Have you ever camped at Merck Forest, and in the dead of night heard a strange scraping sound reverberating through the cabin walls? Don’t be alarmed, it’s just a nocturnal gourmet snacking on the best-tasting wood around: a Merck Forest porcupine gnawing on your cabin. Porcupines -- while a nuisance -- are nonetheless fascinating creatures. They are typically nocturnal and while primarily vegetarian, they will also eat antler drops from deer, moose and elk, and they love processed wood -- especially plywood -- for the minerals and salts contained in adhesives. They have poor eyesight but excellent hearing and a great sense of smell. Adapted to be terrific tree climbers, they may be seen up in the canopy, nibbling twigs, buds and fruit; oddly, they fall out of the trees fairly frequently and stick themselves with their own quills upon hitting the ground. Thankfully for the porcupine, they have special antibiotics in their skin to prevent infection from the resultant punctures. An adult porcupine has an average of 30,000 quills covering its body (except belly, face and feet); these are barbed hollow-spiny hairs, only loosely anchored in the skin. They serve the porcupine in a couple of ways: not only are they used for self-defense, but they also serve as insulation for the animal in winter. Most of the time the quills lay flat against the body but when a porcupine feels threatened, muscles under the skin contract, causing the quills to bristle outward. The porky’s quills are easily dislodged and become airborne when the animal turns from an attacker and swishes its tail in distress. The principal predator of the porcupine is the fisher or fisher cat, a member of the weasel family. Fishers are capable tree climbers, and can force a porcupine out of a tree onto the ground, where the two animals engage in a deadly dance. Slow-moving and awkward, the porcupine is often out-manuvered and defeated by the fisher. So if you hear that gnawing sound at your cabin door, corral your dog. Our nocturnal gourmet has just stopped by your cabin for a little nosh. Once again our foraging apprentices, Sarah and Alessia, report that they are eating grand from the land as Merck continues to provide both cultivated and wild treats: eggs, meat, veggies, and berries. The Lodge garden is exploding with produce, providing zucchini and squash at every meal of the day: sauteed, grilled, or as chocolate chip zucchini bread, ratatouille, or frittata. Sarah and Alessia are creative with what Merck has to offer: it turns out that leftover pork breakfast sausage from the Pancake Breakfast combines egg-cellently well with fresh Merck eggs for a new take on Spaghetti alla Carbonara. Merck blueberries give a pop to pancakes, home-brewed kombucha, cobbler, and are super delicious frozen with by Sarah McIlvennie and Alessia McCobb a dash of cream on top. Recently the apprentices treated departing Assistant Farm Manager Erik to a completely local meal: baba ghanoush atop Earth Sky Time Bakery bread, salad from the garden, Merck pork sirloin, roasted root veggies and mini cantaloupe. Few things bring people together as well as a wonderful meal made with fresh local ingredients.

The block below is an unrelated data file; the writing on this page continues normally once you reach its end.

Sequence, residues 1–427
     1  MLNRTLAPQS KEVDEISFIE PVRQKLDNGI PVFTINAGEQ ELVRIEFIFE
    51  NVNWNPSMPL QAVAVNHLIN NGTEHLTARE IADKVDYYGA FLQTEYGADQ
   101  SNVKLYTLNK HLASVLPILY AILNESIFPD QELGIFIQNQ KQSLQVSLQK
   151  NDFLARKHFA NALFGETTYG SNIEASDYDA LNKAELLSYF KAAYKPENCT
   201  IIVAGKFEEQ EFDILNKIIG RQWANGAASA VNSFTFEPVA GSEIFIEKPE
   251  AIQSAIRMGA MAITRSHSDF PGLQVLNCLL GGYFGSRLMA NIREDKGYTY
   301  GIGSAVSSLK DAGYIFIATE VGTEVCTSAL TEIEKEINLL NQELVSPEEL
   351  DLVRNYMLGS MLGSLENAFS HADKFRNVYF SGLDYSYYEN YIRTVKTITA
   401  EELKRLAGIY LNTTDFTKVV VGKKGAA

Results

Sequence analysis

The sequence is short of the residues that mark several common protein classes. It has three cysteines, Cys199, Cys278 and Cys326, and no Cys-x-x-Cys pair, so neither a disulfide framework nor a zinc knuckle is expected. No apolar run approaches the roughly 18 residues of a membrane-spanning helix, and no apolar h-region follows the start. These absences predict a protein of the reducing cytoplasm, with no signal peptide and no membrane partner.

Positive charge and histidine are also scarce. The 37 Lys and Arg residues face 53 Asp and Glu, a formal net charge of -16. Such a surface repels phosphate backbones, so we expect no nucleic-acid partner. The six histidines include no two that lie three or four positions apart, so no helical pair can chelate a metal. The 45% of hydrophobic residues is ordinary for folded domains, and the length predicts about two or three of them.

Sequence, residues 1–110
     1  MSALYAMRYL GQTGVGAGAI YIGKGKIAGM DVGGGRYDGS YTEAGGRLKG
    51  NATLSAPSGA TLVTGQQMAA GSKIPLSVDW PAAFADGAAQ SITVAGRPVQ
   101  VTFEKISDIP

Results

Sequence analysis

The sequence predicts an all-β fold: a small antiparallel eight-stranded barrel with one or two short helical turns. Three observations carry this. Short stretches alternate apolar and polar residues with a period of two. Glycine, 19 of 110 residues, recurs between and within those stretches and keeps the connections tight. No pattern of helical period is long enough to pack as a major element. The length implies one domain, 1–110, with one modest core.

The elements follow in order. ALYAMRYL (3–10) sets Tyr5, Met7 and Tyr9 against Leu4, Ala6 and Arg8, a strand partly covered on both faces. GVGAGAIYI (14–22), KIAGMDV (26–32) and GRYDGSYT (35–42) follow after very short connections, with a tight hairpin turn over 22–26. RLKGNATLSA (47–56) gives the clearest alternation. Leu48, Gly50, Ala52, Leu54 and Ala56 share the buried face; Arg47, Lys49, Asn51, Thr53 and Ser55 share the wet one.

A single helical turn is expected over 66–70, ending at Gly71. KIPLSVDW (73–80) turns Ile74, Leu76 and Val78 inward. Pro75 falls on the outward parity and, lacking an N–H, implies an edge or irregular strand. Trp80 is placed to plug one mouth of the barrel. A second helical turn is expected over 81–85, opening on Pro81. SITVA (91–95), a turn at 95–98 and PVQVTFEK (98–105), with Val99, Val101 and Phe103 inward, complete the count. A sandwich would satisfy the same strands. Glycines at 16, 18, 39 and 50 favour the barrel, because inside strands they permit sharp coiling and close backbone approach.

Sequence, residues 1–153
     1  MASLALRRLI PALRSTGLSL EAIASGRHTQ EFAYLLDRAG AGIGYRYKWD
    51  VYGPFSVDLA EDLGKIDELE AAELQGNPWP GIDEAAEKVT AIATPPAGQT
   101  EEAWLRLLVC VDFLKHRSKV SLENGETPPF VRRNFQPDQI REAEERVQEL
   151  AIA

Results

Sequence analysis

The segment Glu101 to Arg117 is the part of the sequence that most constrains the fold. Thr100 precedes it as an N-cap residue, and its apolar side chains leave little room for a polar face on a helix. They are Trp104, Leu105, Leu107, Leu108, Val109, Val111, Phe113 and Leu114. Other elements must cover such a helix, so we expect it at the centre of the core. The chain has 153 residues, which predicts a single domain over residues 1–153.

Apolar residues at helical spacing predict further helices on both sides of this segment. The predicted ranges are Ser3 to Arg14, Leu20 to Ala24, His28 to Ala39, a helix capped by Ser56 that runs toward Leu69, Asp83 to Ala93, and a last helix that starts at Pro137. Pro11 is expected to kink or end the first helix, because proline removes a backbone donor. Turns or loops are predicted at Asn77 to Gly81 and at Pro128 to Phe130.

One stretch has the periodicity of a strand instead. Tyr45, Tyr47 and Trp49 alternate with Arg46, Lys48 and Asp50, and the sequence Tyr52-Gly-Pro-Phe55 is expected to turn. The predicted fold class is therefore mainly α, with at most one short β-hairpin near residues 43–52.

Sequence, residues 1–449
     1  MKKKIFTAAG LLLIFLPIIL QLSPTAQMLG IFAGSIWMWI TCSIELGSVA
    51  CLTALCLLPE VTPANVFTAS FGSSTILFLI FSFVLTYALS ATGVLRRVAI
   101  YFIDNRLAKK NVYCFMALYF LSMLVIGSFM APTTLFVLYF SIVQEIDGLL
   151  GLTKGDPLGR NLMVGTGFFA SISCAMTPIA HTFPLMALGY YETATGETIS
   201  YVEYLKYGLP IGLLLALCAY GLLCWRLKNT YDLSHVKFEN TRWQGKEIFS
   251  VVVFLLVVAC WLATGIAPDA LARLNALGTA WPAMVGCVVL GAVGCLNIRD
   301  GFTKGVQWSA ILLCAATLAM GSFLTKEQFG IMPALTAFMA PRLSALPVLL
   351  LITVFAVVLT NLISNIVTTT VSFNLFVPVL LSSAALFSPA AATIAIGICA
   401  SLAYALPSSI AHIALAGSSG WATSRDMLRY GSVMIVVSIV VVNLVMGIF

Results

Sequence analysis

Letters from the Lodge – Eating Grand from the Land